Amphibians exhibit plasticity in the timing of metamorphosis, and tadpoles of many species respond to pond drying by accelerating their development. In the present study we investigated the phenotypic plasticity of the developmental response to water volume reduction in tadpoles of Eastern spadefoot toad Pelobates syriacus. The response of tadpoles to the simulated drying conditions was evaluated by gradually reducing the water level in the experimental containers under controlled laboratory conditions. Four water level treatments were used: constant high, slow decrease, fast decrease and constant low level. We tested if (i) tadpoles can speed up their development in a drying aquatic habitat, and (ii) if the accelerated development causes a reduced body size at metamorphosis. Our results showed that P. syriacus tadpoles were able to respond to pond drying by speeding up their metamorphosis and that metamorphosis was not influenced by water level, but by water level decrease rate. The accelerated development caused by the decreasing water level resulted in smaller body size at metamorphosis. The smallest size at metamorphosis was in tadpoles raised in constant low water level treatments and was probably induced by the crowding effect. We compared our results to similar studies which show that the response of the Eastern spadefoot toad tadpoles to pond drying is less impressive, especially if compared to the response of the North American spadefoot toads inhabiting desert environments.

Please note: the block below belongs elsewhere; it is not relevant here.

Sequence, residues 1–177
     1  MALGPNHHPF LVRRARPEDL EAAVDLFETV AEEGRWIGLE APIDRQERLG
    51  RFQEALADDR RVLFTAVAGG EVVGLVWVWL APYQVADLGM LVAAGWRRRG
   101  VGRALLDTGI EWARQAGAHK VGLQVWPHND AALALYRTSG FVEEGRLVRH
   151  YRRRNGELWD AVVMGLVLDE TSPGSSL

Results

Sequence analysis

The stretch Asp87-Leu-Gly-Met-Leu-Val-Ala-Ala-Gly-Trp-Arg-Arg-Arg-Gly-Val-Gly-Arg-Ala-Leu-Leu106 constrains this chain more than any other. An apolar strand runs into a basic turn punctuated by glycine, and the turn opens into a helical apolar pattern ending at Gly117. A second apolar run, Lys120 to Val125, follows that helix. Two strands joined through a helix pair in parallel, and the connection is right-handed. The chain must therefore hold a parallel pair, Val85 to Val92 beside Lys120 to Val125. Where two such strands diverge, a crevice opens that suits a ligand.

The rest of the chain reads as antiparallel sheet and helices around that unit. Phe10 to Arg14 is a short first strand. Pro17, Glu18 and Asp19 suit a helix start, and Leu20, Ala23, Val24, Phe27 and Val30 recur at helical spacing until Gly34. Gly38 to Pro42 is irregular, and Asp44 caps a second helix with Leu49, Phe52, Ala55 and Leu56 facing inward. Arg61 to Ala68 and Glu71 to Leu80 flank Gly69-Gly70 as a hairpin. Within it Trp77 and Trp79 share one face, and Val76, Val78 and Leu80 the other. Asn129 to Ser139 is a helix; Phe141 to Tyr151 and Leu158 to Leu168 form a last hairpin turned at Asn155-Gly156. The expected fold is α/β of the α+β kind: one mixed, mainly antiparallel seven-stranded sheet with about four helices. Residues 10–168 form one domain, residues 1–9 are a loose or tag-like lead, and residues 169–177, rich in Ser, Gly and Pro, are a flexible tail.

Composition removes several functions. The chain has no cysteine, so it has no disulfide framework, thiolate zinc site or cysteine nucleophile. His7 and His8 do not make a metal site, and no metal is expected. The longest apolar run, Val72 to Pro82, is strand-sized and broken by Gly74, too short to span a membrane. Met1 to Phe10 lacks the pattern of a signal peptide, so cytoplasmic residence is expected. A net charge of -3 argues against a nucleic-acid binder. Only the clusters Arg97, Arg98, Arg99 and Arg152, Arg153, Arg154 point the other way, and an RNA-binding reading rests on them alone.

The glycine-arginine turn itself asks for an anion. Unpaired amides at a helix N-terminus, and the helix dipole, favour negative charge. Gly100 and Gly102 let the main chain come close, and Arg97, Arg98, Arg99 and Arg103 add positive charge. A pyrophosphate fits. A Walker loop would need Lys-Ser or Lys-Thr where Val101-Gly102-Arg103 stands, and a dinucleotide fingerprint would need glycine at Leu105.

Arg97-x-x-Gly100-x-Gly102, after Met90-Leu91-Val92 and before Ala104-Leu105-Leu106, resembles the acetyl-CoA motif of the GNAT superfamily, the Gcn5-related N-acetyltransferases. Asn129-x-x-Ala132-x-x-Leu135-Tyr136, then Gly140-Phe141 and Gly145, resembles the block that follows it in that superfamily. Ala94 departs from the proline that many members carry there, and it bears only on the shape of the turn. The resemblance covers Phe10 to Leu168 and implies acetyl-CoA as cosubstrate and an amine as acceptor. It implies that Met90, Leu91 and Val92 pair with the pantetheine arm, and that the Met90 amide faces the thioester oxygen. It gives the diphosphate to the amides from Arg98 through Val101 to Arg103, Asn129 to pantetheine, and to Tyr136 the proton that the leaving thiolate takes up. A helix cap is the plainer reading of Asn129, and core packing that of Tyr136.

Understanding how major life history traits such as body size and mass and growth change in response to resource availability is crucial in explaining life history trade-offs. We conducted a laboratory experiment with three (high, medium and low) feeding intensity treatments using metamorphs of two spadefoot toads species, Pelobates syriacus and P. fuscus, from syntopic populations. We tested how total food consumption, final body size and mass, body mass increase, body mass and length growth rates and growth efficiency are influenced by food availability. The responses to food availability differed significantly between the species with respect to the total food consumption, body mass increase, body mass growth rate and growth efficiency (i.e. the ratio between total amount of food consumed during the experiment divided by the increase in body mass). P. syriacus metamorphs had higher growth rates and growth efficiency than P. fuscus juveniles. Also, P. syriacus juveniles responded to differences in food level by increasing growth efficiency with decreasing food levels. Overall P. syriacus seems better adapted to shortages in food availability than P. fuscus. Our results clearly indicate that the differences in body size between the two species originate between metamorphosis and sexual maturity.